In this case, there is a clear method for supplying the missing term, the parties' course of conduct; all other terms were adopted directly from the written agreement. Thus, the only thing that was absent in this contract was a writing evincing the particulars of a non essential provision, which was later filled in by the parties' mutual consent and course of conduct. Aiello v Burns Intl. Sec. Servs. Corp., 2013 NY Slip Op 05767, 1st Dept 9-3-13
Certificates of Bond Insurance Are Insurance Policies to Be Interpreted Under Insurance and Contract Law---Restructuring in Bankruptcy and Reduction of Value of the Bonds Did Not Affect the Insurer’s Obligation to Cover the Bond Payments
In a full-fledged opinion by Justice Gische, the First Department determined the defendant, which issued certificates of bond insurance (CBI’s) insuring bonds against nonpayment, was obligated to cover payment on the bonds even after a bankruptcy restructuring in which the bonds were revalued:
Defendant acknowledges that it would have been contractually obligated to pay for any loss suffered by plaintiffs under the original bonds when they matured, in the event of the issuer's bankruptcy, but it claims that as a result of the Restructuring Plan that was adopted, the original bonds were cancelled, completely relieving it of any obligation to pay under the CBIs. The court rejects this position because it is inconsistent with the terms of the policies and contrary to law.
The CBIs are financial guaranty insurance policies, which defendant is specially licensed to sell throughout the United States, including New York. …The policies are primarily governed by Article 69 of the Insurance Law. While they have some unique characteristics, they are generally subject to the same laws and principles underlying insurance policies in general (see Insurance Law § 6908). Thus, CBIs are policies of insurance that should be analyzed in accordance with general principles of contract interpretation and insurance law … .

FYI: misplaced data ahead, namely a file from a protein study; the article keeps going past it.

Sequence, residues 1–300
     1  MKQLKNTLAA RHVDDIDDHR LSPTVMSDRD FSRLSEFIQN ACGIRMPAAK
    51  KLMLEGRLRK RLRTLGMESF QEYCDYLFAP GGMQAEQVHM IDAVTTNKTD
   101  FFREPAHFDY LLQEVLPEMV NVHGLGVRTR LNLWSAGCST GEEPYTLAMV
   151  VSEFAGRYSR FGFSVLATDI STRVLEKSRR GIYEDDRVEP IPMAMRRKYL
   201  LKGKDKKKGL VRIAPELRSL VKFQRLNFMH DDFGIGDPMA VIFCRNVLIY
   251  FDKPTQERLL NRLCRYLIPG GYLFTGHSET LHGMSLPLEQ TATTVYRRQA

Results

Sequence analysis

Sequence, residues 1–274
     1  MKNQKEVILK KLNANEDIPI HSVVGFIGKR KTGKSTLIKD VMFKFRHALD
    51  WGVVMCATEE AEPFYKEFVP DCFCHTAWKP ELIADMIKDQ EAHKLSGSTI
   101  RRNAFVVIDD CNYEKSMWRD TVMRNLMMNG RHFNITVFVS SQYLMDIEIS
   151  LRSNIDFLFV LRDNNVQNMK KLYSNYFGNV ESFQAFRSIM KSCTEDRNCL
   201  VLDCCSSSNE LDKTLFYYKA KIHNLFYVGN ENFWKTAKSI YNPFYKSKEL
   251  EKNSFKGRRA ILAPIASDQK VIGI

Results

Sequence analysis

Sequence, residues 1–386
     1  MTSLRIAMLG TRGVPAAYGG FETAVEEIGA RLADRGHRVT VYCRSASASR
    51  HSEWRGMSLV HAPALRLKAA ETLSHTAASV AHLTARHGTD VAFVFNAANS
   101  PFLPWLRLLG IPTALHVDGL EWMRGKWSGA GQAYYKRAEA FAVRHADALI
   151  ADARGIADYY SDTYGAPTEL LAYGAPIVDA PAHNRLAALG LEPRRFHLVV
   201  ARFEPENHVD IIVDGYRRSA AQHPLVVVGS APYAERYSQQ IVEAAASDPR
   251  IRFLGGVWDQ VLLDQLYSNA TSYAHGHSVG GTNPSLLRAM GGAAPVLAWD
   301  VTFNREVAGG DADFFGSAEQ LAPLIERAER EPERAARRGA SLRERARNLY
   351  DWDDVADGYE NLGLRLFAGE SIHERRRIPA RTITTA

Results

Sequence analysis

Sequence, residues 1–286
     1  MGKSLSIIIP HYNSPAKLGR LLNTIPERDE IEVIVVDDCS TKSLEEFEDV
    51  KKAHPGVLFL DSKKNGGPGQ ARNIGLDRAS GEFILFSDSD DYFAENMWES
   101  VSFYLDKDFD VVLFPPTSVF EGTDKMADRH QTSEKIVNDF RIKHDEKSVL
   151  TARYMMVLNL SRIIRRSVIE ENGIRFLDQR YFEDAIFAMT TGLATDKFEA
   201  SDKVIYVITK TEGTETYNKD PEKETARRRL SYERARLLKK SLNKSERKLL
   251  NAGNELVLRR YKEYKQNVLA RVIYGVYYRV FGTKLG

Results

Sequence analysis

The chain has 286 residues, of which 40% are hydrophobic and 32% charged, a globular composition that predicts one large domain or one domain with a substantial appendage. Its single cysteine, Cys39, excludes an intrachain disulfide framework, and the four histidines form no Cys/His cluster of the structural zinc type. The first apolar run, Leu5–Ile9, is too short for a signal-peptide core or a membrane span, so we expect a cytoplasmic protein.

Insurance policies are to be afforded their plain and ordinary meaning and interpreted in accordance with the reasonable expectations of the insured party… . Exclusions from policy obligations must be in clear and unmistakable language …, and if the terms of a policy are ambiguous, any ambiguity must be construed in favor of the insured and against the insurer … . ...
The plain meaning of the contractual language contained in the CBI requires defendant to absolutely and unconditionally guarantee payment on the individual bonds in the event of the issuer's nonpayment. Issuer insolvency is clearly a covered risk, as is bankruptcy, which is a societal hallmark of insolvency. These are the very risks for which defendant received payment of premiums. The CBIs were noncancellable, with a narrow exception not applicable here, and did not provide for any exclusion in the event of bankruptcy. … The restructuring occurred only after the default under the trust agreement had occurred. Confirmation of the restructuring plan made it a certainty that the issuer would not make any future payments to plaintiffs on the original bonds at their respective maturity dates. It is the restructuring of the bonds and their reissuance in a lower principal amount with a longer payment period that concretely represents that plaintiffs have sustained a loss. Neither the restructuring plan, nor the issuer's discharge of debt in the bankruptcy proceeding, changed the obligations under the parties' contracts of insurance. Oppenheimeer AMT-Free Municipals v ACA Fin. Guar. Corp., 2013 NY Slip Op 05768, 1st Dept 9-3-13